His Eminence Gaden Tri Rinpoche, the 102nd Throne-holder of the Gelugpa tradition of Tibetan Buddhism leading prayer service attended by Kyabje Kirti Rinpoche, Sikyong Dr Lobsang Sangay, and Speaker Penpa Tsering in New Delhi on February 1, 2013. (Phayul photo)
NEW DELHI, February 1: A daylong prayer service and hunger fast marked the penultimate day of the four-day Tibetan People’s Solidarity Campaign in the Indian capital New Delhi.
His Eminence Gaden Tri Rinpoche, the 102nd Throne-holder of the Gelugpa tradition of Tibetan Buddhism led the prayer service attended by Kyabje Kirti Rinpoche, Sikyong Dr Lobsang Sangay, and Speaker Penpa Tsering.
Thousands of Tibetans carrying Tibetan national flags and placards calling for international intervention in the ongoing crisis in Tibet filled the lanes of Jantar Mantar reciting prayers.
Following the prayer service, students of the Tibetan Children’s Village School, Gopalpur enacted a stirring play on the ongoing wave of self-immolation.
Many in the crowd wiped away tears as the students, all of whom have left their homes in Tibet to study in exile, related the current repressive situation in Tibet forcing Tibetans to set themselves on fire.
Since 2009, as many as 99 Tibetans have set themselves on fire protesting China’s occupation and demanding freedom and the return of His Holiness the Dalai Lama from exile.
Pledging his support and solidarity with the Tibetan cause, India’s former Foreign Minister, Jaswant Singh briefly addressed the gathering. The senior BJP leader expressed his hope for an early resolution of the Tibetan issue and a stop to the self-immolations.
Both Kyabje Kirti Rinpoche and H.E. Gaden Tri Rinpoche spoke after the prayer service.
As part of the solidarity campaign, a Tibetan delegation comprising of Kalons and MPs have received assurances of support from senior representatives of the United Nations Human Rights Council and foreign diplomats from 20 countries over the last three days.
The delegation headed by Kalon Pema Chinnjor of the Department of Religion and Culture have been appealing governments to urge China to allow unfettered access to Tibet for the media, parliamentary and diplomatic delegations in order to ascertain the ground realities.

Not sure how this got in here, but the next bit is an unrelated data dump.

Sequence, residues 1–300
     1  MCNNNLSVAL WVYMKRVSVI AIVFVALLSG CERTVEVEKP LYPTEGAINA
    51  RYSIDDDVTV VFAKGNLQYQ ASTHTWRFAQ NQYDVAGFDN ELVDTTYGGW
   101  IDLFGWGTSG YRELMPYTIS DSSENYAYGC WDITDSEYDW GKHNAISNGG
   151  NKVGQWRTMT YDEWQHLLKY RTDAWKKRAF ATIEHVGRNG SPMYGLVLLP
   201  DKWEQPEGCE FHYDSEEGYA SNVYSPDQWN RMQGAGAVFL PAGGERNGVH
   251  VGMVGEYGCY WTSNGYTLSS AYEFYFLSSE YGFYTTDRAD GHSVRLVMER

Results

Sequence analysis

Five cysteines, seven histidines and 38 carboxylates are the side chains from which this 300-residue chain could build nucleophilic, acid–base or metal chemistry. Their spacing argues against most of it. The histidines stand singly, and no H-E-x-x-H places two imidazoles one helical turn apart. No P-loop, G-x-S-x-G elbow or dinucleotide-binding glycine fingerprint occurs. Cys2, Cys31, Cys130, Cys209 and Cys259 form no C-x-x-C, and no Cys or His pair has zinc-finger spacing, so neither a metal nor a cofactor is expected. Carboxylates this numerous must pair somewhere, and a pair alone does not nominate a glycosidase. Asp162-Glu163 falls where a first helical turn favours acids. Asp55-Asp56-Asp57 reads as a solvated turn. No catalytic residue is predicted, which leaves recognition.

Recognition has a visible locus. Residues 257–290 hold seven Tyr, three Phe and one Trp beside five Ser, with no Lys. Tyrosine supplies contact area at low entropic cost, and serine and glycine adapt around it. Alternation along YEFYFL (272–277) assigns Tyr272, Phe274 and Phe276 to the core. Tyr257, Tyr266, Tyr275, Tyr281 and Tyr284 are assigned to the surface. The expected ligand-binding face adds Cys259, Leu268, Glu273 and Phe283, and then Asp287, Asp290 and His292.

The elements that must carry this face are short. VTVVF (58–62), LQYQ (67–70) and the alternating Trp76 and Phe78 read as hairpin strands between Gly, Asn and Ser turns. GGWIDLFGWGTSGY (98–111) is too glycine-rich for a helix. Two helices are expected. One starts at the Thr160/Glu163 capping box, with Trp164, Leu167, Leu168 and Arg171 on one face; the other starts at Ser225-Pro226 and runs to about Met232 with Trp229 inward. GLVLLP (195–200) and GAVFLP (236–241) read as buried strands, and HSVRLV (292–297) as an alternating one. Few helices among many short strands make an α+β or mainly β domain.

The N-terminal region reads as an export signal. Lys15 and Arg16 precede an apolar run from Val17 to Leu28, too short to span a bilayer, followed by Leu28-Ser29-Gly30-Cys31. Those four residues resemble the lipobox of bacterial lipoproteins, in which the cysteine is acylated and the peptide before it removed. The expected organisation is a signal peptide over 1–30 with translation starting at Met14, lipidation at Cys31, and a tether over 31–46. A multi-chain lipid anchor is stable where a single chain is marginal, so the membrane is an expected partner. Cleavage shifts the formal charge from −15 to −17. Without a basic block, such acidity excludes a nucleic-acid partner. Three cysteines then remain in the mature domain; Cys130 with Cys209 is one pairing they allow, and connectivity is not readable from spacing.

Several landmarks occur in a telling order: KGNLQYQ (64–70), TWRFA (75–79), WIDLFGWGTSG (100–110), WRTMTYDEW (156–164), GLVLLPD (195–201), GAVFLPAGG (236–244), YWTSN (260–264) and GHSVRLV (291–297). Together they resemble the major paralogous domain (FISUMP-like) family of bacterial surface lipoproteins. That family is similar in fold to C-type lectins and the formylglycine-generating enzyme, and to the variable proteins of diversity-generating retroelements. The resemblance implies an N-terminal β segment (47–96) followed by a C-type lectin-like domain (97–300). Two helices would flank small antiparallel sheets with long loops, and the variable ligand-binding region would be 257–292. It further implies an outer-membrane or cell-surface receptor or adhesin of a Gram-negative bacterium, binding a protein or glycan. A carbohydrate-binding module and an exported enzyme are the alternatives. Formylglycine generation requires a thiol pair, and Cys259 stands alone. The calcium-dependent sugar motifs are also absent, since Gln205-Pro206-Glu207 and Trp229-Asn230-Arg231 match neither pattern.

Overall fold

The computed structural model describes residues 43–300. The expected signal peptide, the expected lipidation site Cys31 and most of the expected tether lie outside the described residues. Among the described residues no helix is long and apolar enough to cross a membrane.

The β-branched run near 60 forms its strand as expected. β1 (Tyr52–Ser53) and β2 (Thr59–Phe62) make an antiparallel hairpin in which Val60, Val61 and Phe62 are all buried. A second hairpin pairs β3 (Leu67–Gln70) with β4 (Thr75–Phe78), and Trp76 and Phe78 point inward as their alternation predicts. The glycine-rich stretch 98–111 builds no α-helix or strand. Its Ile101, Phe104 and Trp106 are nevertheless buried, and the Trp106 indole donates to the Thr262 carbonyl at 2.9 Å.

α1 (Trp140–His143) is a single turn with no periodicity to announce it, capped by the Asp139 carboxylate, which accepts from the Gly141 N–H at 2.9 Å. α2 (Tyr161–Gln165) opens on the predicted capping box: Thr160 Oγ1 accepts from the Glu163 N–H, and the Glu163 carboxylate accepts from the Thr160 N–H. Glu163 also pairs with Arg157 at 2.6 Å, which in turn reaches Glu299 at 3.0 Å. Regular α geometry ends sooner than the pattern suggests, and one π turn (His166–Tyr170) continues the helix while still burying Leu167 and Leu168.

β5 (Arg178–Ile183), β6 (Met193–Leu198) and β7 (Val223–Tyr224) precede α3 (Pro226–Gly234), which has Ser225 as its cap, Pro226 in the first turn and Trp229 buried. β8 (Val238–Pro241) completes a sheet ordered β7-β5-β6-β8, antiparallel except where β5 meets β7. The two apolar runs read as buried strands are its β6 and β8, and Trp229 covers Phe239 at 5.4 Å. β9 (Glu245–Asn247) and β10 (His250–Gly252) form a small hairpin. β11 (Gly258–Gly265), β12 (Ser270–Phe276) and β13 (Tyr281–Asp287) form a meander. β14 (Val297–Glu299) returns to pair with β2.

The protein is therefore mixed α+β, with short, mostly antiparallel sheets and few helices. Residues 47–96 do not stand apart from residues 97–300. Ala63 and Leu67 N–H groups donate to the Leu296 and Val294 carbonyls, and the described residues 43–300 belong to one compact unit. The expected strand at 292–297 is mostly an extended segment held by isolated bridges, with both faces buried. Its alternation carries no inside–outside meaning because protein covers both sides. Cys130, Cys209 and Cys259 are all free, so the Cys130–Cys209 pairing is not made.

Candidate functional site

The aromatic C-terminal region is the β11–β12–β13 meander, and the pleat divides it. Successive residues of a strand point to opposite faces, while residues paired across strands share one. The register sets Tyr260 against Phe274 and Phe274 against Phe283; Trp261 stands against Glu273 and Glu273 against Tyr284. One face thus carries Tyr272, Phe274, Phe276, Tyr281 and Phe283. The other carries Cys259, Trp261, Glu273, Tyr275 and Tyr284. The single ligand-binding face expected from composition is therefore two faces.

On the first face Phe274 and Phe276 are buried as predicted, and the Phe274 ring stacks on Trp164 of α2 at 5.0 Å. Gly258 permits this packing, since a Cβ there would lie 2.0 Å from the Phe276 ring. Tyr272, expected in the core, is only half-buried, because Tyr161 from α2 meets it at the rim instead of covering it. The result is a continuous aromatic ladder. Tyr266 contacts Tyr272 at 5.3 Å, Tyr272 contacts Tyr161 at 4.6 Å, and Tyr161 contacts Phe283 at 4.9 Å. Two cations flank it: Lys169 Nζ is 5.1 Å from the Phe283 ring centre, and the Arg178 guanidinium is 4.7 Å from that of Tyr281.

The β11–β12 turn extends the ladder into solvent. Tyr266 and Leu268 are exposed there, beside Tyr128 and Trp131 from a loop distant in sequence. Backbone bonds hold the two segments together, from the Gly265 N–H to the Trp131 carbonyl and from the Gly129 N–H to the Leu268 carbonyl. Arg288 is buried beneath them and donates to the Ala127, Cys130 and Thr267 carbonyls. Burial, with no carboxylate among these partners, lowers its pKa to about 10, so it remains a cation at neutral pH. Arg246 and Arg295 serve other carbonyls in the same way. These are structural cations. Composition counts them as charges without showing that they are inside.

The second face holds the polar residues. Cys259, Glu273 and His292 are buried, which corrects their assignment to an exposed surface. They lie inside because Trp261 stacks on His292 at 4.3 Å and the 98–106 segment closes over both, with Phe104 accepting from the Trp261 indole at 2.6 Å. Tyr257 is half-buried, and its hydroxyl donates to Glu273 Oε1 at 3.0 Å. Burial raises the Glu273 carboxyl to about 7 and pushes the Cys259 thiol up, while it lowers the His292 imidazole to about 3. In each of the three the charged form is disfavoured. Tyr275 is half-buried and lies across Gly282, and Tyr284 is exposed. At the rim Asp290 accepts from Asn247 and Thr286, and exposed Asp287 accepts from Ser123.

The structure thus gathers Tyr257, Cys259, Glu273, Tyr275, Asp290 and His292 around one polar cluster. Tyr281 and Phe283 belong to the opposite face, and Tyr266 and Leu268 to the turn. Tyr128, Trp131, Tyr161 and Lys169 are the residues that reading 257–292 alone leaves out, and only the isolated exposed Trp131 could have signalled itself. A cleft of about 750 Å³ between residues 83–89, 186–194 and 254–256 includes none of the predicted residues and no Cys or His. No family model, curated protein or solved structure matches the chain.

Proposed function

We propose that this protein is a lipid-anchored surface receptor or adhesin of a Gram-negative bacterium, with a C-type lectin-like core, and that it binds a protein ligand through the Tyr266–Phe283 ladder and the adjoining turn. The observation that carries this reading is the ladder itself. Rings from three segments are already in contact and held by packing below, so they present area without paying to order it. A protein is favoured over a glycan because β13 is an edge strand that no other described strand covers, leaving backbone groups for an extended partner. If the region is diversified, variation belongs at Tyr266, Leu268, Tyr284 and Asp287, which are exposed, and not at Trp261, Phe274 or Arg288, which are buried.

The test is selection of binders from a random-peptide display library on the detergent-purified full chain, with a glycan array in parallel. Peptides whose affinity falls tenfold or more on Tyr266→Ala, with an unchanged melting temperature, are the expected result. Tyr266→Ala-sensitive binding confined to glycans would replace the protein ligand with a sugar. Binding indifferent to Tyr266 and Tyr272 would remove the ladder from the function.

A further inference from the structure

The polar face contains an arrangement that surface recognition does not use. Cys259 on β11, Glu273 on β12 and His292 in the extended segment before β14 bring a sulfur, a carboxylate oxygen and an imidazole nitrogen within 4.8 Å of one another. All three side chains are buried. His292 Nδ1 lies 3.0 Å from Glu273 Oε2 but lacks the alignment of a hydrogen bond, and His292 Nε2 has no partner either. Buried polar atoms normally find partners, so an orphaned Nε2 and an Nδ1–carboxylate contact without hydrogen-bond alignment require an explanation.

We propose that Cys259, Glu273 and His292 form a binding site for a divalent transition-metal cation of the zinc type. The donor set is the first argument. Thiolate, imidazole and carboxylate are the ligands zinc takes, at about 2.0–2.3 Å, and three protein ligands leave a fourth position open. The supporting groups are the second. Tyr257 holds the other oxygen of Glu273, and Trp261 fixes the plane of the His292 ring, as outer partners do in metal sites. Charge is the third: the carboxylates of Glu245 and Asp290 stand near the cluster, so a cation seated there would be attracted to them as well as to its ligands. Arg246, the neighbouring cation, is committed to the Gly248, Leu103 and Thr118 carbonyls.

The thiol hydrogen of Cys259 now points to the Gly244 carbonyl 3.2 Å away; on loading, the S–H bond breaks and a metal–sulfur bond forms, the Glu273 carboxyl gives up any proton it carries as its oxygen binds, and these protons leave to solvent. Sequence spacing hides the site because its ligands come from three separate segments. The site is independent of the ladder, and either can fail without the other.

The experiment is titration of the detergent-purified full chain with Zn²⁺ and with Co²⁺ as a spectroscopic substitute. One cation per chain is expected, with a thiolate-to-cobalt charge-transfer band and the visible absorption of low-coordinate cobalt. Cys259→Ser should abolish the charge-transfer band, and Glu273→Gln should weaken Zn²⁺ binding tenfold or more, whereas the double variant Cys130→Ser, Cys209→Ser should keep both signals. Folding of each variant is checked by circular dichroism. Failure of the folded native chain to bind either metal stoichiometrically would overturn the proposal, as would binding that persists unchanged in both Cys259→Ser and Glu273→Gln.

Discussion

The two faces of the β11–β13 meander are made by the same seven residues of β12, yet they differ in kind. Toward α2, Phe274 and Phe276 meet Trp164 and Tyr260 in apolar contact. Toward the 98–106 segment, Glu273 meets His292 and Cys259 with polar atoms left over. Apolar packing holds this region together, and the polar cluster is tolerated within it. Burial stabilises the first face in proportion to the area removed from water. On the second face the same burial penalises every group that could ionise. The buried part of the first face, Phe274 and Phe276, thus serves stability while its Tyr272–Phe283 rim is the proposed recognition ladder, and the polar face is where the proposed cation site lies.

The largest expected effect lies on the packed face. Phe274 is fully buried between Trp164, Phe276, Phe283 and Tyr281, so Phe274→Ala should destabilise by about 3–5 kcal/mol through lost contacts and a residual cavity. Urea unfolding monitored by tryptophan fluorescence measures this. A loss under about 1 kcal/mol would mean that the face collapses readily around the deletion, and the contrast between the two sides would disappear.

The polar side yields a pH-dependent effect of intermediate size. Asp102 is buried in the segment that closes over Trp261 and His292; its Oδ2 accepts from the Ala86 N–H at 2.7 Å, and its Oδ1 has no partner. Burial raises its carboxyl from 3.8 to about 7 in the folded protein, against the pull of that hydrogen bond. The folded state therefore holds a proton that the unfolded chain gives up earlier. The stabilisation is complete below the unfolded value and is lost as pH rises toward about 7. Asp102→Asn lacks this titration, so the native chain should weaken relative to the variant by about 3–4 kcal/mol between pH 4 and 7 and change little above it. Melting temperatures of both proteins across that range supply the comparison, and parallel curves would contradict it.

The ongoing solidarity event marks the first occasion when the Kashag (Cabinet) and the Tibetan parliament have come together to organise a mass campaing in the Indian capital.
Speaking to Phayul, an elderly Tibetan farmer from south India, Dhondup, expressed his gratitude to the exile administration for organising the timely event.
However, he added that more needs to be done.
“I am nearing 70 and when I see Tibetans not even in their 20s burn themselves to death, it drives a knife through my heart,” Dhondup, clad in a Tibetan national flag said.
“The popular support from Tibetans in exile for this campaign should give confidence to our exile leaders to continue organising campaigns.”
A Tibetan nun from Dharamshala spoke in support.
“The least we Tibetans in exile can do is to raise slogans, walk on a march, and sit in protest to let the world know what our brothers and sisters in Tibet are suffering,” she said.
“If the leadership provides a platform to express our solidarity and grievances, we will come and do whatever needed.”
Nearly 5000 Tibetans are currently gathered in New Delhi to take part in the Tibetan People’s Solidarity Campaign to “express solidarity with the Tibetans inside Tibet, raise awareness and seek international support for the tragic situation in Tibet.”